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Presumed Sparrows...House or Tree NE.London? (1 Viewer)

KenM

Well-known member
Probably about 15 years ago now, by which time House Sparrows had long ceased to be a garden, or even road visitors to the site.
During a Winter month on a typical grey day, I saw a very “tight flock” (almost touching), c30 birds fly straight past my window at head height, they were in total silhouette and there was “no bounce” to the flight!
I’ve never seen the likes of this tight formation, a sort of ellipse in overall shape and all moving so close and without any undulation, before or since!
Would this behaviour be considered unusual for Passer species?

Cheers
 

Richard Prior

Halfway up an Alp
Europe
I’ve seen House Sparrows fly like that Ken, particularly en route to a roost (and they go to roost earlier than most species to my knowledge). The other possibility is when they react to a predator, a case of « forget our pretty bounding flight, let’s get the h - - - out of here »!
 

KenM

Well-known member
I’ve seen House Sparrows fly like that Ken, particularly en route to a roost (and they go to roost earlier than most species to my knowledge). The other possibility is when they react to a predator, a case of « forget our pretty bounding flight, let’s get the h - - - out of here »!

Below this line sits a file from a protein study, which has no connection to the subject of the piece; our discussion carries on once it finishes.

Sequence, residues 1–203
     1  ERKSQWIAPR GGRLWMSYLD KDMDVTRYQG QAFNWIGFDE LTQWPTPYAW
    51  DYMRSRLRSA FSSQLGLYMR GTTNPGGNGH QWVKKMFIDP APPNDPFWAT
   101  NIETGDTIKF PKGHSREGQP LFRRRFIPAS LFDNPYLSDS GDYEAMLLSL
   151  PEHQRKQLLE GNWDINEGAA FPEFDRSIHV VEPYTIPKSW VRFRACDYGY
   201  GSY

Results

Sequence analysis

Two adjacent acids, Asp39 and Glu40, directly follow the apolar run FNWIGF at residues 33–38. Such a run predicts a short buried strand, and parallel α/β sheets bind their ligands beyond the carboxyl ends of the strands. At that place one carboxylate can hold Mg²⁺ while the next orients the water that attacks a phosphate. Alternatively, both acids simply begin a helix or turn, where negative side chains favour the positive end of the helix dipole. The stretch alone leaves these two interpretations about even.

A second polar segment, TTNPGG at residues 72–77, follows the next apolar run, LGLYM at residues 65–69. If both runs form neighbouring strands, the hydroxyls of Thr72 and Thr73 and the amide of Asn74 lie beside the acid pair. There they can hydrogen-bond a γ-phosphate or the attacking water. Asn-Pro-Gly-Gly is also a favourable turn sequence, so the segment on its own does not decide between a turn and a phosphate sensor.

Thanks Richard a great help! What I find remarkable is that I’ve never witnessed this flight behaviour before or since, not forgetting that we’re talking many many years! 👍
 

KenM

Well-known member
Yes, you seem to have dug way back into your memory bank with this one Ken;);)
I can still see my mother sweeping the carpet of House Sparrows with her forearm, from the outdoor folding tables in Victoria Park c1950....those were the days.😢
 

birdmeister

Well-known member
United States
Your description sounds all too familiar Ken, I've always used those speedy ellipses as a mark against the finches! HOSPs seem to just lumber along, with very little "pep in the step".:)

Wish I could send my little buggers your way. I'll probably have to keep my box down this spring in fear that they'll kill whatever tries to nest there. I've lost a Tree Swallow like that.:confused:
 

KenM

Well-known member
Your description sounds all too familiar Ken, I've always used those speedy ellipses as a mark against the finches! HOSPs seem to just lumber along, with very little "pep in the step".:)

Wish I could send my little buggers your way. I'll probably have to keep my box down this spring in fear that they'll kill whatever tries to nest there. I've lost a Tree Swallow like that.:confused:
You’ve got me thinking there Birdmeister! Clearly there has been a demise in Passer domesticus not just in the UK but also on the immediate Continent I believe.
I’m wondering if NA Sprows.are resistant to whatever is affecting Old World Sprows, might be some grounds for research in this area?
The last time I was in Central Park (NYC)’16, I had to sweep them off the table too...fond memories.👍
 

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